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Using numerous secondary sources, recently published memoir literature, and new archival research, Suraska's multidimensional study delves into the many factors involved in the dissolution of the Soviet empire-the role of Gorbachev and his contest with Yeltsin, the weakness of the Soviet state, and the poverty of ideas that informed perestroika. She also examines the complex relationship between the Communist Party, the KGB, and the military; the way Gorbachev dealt with the German question; and the rise of post-Marxist thought in the Soviet Union. Whether discussing how insufficient control over coercive forces or the growing strength of provincial barons impacted the collapse, Suraska furthers her argument that the explosion of nationalisms in the Soviet Union was as much activated by the breakdown of central structures as it actually contributed to the final demolition of the regime. In the end, How the Soviet Union Disappeared reveals Gorbachev's perestroika as having been nothing short of a radical attempt to rebuild power that the Soviet center had lost in the post-Stalinist period.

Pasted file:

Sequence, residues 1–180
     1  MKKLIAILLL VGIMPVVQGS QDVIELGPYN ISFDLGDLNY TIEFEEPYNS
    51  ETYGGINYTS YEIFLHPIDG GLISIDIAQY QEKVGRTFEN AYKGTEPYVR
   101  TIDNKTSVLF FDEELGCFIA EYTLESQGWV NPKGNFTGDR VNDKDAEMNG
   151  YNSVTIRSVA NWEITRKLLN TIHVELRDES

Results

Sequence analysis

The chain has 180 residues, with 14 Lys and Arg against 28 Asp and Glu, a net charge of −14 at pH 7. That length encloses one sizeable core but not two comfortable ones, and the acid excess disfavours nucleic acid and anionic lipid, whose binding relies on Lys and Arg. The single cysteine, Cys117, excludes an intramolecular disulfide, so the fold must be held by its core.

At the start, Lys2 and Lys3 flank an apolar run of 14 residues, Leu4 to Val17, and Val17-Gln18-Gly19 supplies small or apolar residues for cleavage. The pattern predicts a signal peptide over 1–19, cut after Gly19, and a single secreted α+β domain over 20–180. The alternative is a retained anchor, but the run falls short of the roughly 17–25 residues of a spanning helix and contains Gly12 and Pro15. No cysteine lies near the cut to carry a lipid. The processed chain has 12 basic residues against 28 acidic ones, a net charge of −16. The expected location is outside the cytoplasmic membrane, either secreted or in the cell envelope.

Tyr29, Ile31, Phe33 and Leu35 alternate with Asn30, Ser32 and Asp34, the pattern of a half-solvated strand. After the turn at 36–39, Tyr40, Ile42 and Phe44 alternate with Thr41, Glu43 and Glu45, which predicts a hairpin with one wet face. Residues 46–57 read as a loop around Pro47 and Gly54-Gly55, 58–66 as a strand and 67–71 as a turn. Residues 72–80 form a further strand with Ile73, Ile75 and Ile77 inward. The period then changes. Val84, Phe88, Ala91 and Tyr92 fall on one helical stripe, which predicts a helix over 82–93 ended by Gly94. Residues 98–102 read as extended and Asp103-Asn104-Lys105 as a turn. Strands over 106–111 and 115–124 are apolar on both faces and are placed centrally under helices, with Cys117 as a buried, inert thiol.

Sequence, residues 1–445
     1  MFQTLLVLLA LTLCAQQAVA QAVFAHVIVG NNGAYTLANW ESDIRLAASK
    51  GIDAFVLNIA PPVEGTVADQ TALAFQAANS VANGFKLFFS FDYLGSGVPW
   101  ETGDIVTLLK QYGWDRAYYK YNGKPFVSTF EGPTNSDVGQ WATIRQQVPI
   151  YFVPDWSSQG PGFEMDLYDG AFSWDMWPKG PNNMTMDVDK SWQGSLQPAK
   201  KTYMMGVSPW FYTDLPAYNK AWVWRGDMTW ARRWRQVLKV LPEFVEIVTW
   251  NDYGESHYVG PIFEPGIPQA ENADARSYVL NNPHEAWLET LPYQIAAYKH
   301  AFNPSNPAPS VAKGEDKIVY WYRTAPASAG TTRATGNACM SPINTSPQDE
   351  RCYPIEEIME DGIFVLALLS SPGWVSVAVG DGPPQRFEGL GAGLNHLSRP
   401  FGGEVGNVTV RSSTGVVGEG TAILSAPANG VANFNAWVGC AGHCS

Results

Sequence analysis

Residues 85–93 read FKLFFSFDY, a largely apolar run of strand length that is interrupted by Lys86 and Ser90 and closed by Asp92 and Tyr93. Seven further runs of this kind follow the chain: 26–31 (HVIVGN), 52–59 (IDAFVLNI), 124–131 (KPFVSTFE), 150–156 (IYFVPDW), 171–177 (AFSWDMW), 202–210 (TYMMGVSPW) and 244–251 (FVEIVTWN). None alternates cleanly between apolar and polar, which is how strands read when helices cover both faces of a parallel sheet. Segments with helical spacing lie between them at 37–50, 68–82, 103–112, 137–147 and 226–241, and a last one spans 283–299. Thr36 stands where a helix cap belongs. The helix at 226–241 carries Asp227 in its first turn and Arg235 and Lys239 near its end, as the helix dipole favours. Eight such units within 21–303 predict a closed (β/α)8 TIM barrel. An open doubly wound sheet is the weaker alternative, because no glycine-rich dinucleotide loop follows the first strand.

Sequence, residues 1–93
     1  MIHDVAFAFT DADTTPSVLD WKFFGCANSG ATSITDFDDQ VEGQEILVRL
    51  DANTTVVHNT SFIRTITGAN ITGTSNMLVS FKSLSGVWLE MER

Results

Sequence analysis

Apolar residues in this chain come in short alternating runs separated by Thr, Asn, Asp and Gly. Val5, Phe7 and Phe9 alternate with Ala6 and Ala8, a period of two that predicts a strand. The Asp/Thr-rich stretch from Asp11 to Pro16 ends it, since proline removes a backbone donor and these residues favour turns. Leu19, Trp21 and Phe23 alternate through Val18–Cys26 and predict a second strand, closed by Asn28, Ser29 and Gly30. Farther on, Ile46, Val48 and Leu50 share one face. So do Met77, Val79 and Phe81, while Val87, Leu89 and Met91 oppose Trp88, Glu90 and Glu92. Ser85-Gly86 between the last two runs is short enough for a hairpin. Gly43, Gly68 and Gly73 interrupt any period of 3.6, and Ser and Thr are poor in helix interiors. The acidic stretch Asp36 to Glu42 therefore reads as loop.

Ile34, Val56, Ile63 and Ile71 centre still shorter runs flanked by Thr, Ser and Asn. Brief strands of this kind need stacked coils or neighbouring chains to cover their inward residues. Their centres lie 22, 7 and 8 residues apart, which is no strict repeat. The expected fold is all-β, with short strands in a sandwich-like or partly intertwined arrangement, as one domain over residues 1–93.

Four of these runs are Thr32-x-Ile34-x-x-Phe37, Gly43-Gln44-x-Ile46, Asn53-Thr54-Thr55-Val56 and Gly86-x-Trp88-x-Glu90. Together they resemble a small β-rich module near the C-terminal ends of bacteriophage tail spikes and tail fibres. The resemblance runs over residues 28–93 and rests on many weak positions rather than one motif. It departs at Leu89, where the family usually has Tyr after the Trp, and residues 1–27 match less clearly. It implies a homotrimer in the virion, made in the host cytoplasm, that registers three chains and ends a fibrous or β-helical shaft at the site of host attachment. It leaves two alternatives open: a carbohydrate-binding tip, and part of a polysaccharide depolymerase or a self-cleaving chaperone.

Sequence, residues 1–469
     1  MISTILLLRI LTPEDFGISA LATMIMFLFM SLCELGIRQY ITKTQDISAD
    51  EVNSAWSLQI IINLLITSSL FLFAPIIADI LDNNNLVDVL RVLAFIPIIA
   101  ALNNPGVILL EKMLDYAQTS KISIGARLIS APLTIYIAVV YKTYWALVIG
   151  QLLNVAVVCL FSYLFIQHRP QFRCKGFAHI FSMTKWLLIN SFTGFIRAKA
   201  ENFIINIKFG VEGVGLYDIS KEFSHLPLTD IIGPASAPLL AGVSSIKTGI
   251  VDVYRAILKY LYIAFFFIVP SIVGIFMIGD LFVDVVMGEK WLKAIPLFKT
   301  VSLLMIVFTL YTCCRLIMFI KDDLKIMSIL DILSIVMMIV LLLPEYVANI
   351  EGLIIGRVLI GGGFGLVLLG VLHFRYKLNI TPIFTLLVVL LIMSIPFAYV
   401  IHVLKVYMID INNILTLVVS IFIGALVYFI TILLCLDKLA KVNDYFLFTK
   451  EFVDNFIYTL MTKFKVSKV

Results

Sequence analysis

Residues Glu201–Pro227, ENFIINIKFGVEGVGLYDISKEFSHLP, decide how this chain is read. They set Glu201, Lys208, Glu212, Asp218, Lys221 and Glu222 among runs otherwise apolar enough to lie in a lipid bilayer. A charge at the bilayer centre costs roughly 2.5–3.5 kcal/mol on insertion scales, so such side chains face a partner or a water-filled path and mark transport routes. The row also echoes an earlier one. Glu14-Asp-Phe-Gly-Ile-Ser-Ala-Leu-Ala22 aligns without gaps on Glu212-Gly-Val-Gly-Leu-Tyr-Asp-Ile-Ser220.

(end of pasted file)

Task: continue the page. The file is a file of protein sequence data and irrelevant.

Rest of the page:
In its questioning of the assumptions of most previous scholarship and discourse on the Soviet Union, this book will be of interest to Sovietologists, political scientists, and students of communism and nationalism.
Contents Foreword Prologue The First Soviet Generation Horizontal Disintegration: the Center-Periphery Conflict Vertical Disintegration: The KGB-Miltary Contest The Miracle of German Unification Conceptual Revisions Despotism and the Modern State "Suraska's essays stands out as a towering example of clear thinking based on the firm foundations of solid historical knowledge and creative theoretical interpretation." -- from the foreword by John Lowenhardt, University of Glasgow
Argues that the collapse of the Soviet Union was the result of an attempt by Gorbachev to concentrate political power